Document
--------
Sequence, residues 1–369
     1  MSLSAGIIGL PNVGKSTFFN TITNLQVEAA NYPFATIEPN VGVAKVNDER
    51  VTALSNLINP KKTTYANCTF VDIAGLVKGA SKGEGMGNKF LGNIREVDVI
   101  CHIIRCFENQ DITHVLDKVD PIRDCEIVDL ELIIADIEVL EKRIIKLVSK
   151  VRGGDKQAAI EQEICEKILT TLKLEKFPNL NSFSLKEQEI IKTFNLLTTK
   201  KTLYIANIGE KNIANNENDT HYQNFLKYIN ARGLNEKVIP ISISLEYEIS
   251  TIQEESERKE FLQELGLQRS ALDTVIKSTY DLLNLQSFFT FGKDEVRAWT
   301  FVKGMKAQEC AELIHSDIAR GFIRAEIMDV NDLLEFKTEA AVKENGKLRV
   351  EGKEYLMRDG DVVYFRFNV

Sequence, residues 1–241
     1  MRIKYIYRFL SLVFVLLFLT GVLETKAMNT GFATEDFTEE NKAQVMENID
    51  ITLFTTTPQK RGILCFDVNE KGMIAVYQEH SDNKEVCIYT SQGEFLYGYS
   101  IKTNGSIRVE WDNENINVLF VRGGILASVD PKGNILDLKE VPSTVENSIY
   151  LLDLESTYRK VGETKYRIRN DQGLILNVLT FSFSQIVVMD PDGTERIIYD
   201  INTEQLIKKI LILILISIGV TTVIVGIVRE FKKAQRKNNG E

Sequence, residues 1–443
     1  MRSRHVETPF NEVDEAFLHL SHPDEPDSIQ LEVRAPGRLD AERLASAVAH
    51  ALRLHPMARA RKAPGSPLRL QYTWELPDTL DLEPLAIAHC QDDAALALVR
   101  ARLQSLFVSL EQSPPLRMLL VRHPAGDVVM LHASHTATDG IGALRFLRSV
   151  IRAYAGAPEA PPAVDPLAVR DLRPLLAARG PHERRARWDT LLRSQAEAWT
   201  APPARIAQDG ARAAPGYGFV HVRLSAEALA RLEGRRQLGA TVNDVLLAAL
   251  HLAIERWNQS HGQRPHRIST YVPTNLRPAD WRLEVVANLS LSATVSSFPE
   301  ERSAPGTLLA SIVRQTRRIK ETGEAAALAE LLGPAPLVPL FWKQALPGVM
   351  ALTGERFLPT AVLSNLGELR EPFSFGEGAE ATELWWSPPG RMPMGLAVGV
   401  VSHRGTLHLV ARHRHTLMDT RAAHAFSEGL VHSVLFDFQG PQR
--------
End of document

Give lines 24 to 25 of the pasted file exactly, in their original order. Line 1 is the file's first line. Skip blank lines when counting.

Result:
   351  ALTGERFLPT AVLSNLGELR EPFSFGEGAE ATELWWSPPG RMPMGLAVGV
   401  VSHRGTLHLV ARHRHTLMDT RAAHAFSEGL VHSVLFDFQG PQR